Biology is a natural science concerned with the study of life and living organisms, including their structure, function, growth, origin, evolution, distribution, and taxonomy. Biology is a vast subject containing many subdivisions, topics, and disciplines...

. Morgan and his students eventually elucidated many basic principles of heredity, including sex-linked inheritance, epistasis
In genetics, epistasis is the phenomenon where the effects of one gene are modified by one or several other genes, which are sometimes called modifier genes. The gene whose phenotype is expressed is called epistatic, while the phenotype altered or suppressed is called hypostatic...

, multiple alleles, and gene mapping
Gene mapping
Gene mapping, also called genome mapping, is the creation of a genetic map assigning DNA fragments to chromosomes.When a genome is first investigated, this map is nonexistent. The map improves with the scientific progress and is perfect when the genomic DNA sequencing of the species has been...


"Thomas Hunt Morgan and colleagues extended Mendel
Gregor Mendel
Gregor Johann Mendel was an Austrian scientist and Augustinian friar who gained posthumous fame as the founder of the new science of genetics. Mendel demonstrated that the inheritance of certain traits in pea plants follows particular patterns, now referred to as the laws of Mendelian inheritance...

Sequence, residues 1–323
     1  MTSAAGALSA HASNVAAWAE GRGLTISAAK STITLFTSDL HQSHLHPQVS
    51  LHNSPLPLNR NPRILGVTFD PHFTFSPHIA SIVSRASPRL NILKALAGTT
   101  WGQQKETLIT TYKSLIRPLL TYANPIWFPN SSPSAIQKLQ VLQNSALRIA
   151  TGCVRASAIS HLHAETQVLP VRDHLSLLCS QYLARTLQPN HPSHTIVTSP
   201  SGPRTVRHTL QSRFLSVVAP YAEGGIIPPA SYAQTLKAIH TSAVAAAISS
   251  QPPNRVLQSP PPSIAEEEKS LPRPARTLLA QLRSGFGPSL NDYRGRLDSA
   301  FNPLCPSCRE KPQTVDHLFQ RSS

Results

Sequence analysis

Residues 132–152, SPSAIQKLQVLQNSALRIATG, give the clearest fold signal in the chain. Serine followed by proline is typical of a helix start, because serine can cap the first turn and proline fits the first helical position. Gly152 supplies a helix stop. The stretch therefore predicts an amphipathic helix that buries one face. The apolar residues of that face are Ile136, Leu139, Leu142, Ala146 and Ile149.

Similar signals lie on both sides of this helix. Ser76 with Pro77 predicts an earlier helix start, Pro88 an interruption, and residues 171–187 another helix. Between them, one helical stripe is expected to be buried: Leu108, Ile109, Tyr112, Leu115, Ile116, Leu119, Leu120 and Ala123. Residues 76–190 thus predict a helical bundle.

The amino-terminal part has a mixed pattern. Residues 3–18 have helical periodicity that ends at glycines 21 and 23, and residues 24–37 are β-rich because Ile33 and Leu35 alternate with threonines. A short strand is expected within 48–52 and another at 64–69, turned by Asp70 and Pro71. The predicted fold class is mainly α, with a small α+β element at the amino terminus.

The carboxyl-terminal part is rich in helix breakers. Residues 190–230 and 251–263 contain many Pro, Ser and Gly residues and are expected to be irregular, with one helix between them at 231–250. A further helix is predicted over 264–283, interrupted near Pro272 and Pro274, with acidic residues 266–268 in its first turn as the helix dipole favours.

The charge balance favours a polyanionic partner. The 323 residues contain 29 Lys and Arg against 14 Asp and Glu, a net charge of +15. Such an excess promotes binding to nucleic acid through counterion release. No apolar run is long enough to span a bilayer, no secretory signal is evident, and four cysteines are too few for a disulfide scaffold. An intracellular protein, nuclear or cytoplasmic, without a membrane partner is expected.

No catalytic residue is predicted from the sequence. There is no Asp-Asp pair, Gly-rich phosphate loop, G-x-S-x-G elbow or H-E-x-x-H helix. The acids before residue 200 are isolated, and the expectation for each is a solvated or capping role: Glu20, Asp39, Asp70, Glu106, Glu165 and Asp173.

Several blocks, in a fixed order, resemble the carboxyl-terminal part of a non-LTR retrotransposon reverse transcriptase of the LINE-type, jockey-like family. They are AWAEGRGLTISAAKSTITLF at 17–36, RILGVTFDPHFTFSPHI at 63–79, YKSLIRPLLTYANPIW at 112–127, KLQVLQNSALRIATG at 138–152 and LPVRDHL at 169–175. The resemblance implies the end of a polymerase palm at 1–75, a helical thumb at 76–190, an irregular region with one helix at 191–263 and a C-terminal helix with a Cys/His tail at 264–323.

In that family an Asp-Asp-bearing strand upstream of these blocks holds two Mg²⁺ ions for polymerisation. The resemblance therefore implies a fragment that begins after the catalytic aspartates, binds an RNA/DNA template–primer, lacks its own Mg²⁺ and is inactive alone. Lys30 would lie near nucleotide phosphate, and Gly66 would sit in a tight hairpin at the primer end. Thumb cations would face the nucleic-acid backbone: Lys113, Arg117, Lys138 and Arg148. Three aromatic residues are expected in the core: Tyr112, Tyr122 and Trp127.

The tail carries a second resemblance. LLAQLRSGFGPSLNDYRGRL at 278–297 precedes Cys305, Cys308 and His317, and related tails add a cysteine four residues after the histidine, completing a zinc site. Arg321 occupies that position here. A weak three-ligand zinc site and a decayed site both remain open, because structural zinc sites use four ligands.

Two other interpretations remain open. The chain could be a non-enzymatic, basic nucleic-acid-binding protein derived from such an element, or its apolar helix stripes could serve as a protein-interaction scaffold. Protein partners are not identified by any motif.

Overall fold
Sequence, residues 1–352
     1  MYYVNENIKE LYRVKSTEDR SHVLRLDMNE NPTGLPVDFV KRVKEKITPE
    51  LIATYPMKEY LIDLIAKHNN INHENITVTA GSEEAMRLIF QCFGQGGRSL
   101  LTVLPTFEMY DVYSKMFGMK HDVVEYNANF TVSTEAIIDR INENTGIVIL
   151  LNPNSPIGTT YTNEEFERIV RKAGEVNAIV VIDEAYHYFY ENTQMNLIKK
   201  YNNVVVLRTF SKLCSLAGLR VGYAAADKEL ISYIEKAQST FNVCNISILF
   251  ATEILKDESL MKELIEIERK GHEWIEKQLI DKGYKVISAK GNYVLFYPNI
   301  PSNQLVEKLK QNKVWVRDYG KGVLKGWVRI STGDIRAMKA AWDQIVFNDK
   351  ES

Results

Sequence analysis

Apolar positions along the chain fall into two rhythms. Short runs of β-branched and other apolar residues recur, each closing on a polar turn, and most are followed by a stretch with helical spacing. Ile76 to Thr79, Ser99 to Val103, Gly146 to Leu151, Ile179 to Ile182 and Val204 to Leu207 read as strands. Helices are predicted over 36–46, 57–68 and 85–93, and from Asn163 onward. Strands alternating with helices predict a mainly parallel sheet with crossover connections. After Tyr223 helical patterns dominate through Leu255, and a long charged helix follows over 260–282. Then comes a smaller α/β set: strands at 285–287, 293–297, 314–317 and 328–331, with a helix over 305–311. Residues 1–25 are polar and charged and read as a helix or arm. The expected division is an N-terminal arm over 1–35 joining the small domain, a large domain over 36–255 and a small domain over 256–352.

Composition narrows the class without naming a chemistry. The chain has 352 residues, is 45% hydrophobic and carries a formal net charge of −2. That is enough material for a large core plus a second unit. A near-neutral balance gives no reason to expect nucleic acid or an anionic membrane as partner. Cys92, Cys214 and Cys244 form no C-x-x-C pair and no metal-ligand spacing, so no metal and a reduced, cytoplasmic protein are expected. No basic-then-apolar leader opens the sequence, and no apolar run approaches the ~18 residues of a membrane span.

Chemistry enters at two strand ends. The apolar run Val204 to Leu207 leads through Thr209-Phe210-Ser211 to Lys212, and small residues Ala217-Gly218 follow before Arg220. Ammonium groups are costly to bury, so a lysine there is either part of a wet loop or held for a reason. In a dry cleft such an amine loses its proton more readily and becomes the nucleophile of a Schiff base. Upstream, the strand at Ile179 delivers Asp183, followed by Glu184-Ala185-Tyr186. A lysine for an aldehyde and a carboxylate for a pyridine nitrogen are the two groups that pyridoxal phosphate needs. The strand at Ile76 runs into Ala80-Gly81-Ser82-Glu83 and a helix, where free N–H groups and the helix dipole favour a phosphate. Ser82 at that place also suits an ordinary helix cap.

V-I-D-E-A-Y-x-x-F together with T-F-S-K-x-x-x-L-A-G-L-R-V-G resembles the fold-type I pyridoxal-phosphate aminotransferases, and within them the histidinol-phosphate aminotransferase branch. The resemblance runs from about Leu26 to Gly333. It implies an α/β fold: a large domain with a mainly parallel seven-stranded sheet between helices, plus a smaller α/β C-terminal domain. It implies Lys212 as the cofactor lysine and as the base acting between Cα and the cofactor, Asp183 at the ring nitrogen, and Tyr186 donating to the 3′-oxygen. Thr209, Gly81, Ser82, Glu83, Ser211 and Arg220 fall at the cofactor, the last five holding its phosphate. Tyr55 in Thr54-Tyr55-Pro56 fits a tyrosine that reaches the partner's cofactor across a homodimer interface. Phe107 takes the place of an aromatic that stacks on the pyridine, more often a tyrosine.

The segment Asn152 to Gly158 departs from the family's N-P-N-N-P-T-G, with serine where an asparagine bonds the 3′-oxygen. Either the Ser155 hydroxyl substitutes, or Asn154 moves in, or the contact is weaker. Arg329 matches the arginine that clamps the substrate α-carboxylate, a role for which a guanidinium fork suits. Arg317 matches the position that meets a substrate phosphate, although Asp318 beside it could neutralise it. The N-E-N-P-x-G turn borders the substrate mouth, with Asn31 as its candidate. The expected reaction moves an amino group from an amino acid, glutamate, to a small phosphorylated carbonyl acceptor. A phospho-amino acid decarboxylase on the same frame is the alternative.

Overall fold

's work by describing X-linked inheritance and by showing that genes
Gênes is the name of a département of the First French Empire in present Italy, named after the city of Genoa. It was formed in 1805, when Napoleon Bonaparte occupied the Republic of Genoa. Its capital was Genoa, and it was divided in the arrondissements of Genoa, Bobbio, Novi Ligure, Tortona and...

 located on the same chromosome
A chromosome is an organized structure of DNA and protein found in cells. It is a single piece of coiled DNA containing many genes, regulatory elements and other nucleotide sequences. Chromosomes also contain DNA-bound proteins, which serve to package the DNA and control its functions.Chromosomes...

 do not show independent assortment. Studies of X-linked traits
Sex linkage
Sex linkage is the phenotypic expression of an allele related to the chromosomal sex of the individual. This mode of inheritance is in contrast to the inheritance of traits on autosomal chromosomes, where both sexes have the same probability of inheritance...

 helped confirm that genes are found on chromosomes, while studies of linked traits
Genetic linkage
Genetic linkage is the tendency of certain loci or alleles to be inherited together. Genetic loci that are physically close to one another on the same chromosome tend to stay together during meiosis, and are thus genetically linked.-Background:...